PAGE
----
Several months ago, walking to my car on the way home from the office, I was reflecting on a couple of moments from that day in which I was able to demonstrate compassionate management. It reminded me of some of the most important lessons I’ve learned that made it possible: The ability to be a spectator to my own thoughts, especially when becoming emotional; putting myself in the shoes of others and seeing the world through their eyes rather than projecting my own perspective; and working hard to manage compassionately not just with the people I connect with most readily, but unconditionally, regardless of how challenging the circumstances. It’s taken years to get to the point where I can manifest these dynamics in my day-to-day role, so it always feels good when I’m able to put them into practice.
However, on this particular night, the satisfaction would be fleeting. As I opened my car door and started thinking about getting home to my wife and our two girls, it hit me: For as hard as I worked to manage compassionately at the office, I was not always actively applying the same approach with my family. To the contrary, by the time I got home on some nights, I’d be so spent after expending all of my energy at the office, that after putting the girls to bed and having dinner, I essentially had little left to give. So when my wife would try to bring up her day, or talk about the things we need to get done, I would reflexively say something to the effect that it had been a long day, I was exhausted, and could we talk about it some other time? In other words, I was doing the exact opposite of managing compassionately and I was doing it with the person who mattered most. My wife is the bedrock of our home and has built the foundation upon which my work exists. As cliche as it sounds, I couldn’t do what I do without her.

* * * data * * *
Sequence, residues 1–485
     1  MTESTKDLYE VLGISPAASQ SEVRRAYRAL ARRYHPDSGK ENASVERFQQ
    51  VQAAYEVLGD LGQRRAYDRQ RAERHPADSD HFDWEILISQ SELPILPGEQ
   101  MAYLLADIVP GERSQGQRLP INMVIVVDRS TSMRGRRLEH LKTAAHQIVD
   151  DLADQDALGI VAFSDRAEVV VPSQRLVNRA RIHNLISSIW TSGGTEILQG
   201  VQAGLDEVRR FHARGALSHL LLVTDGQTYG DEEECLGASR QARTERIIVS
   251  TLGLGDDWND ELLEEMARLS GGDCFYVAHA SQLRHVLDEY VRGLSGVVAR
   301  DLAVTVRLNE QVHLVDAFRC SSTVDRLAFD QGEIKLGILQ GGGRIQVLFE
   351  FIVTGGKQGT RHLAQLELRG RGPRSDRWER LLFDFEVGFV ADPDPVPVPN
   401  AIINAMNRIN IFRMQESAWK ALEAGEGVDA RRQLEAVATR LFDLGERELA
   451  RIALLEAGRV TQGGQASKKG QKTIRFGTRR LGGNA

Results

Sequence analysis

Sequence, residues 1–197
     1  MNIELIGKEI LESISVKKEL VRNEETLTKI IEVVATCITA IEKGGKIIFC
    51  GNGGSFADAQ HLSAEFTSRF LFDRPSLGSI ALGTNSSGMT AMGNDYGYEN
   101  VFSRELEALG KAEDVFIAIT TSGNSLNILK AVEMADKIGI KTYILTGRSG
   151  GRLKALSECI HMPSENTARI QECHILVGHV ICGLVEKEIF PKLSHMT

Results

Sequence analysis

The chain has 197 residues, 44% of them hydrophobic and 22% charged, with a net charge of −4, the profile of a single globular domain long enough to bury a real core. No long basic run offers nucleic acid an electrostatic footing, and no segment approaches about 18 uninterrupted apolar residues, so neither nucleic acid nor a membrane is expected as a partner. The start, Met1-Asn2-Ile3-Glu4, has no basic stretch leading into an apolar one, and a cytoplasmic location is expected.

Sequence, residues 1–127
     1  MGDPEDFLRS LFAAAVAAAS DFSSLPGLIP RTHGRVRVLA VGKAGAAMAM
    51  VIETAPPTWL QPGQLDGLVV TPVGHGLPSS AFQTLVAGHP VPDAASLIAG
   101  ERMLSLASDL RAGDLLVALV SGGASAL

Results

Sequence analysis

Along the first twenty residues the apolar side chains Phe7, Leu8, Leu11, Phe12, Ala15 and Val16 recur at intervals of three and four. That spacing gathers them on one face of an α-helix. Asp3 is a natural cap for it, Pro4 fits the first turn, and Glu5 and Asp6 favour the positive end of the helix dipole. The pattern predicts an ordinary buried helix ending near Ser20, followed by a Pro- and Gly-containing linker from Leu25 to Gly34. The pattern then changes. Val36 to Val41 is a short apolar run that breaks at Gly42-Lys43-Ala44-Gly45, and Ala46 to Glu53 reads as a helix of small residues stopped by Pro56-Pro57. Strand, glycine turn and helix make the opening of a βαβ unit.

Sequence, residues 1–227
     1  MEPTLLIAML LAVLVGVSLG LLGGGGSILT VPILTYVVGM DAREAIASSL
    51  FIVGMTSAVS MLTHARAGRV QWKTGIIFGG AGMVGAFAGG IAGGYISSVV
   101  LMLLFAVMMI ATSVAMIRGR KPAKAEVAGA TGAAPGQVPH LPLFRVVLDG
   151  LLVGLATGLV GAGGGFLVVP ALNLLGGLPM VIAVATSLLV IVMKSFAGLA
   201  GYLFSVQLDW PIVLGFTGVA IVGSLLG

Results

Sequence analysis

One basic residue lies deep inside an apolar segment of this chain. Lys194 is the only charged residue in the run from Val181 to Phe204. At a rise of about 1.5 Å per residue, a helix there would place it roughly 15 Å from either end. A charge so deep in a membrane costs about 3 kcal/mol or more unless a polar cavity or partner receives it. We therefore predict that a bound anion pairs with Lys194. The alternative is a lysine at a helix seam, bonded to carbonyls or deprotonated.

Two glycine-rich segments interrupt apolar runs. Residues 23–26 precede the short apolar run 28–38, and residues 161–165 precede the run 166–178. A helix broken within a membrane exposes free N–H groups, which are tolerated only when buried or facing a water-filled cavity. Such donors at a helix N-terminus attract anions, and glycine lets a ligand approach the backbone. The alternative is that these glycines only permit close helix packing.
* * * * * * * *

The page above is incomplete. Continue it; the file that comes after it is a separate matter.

Put another way, I was doing what so many of us have a tendency to do: Taking the people we’re closest to for granted by assuming they are the ones we don’t need to make an effort with. After all, they’ll understand, right? However, nothing could be further from the truth.
It’s taken me over 40 years to realize what makes me happy — simply put, it’s looking forward to going to work in the morning, and looking forward to coming home at night. Applying the most valuable lessons I’ve learned in both facets of my life to the integrated whole, and not taking anything or anyone for granted, is one of the most important ways I can make that happiness an enduring reality.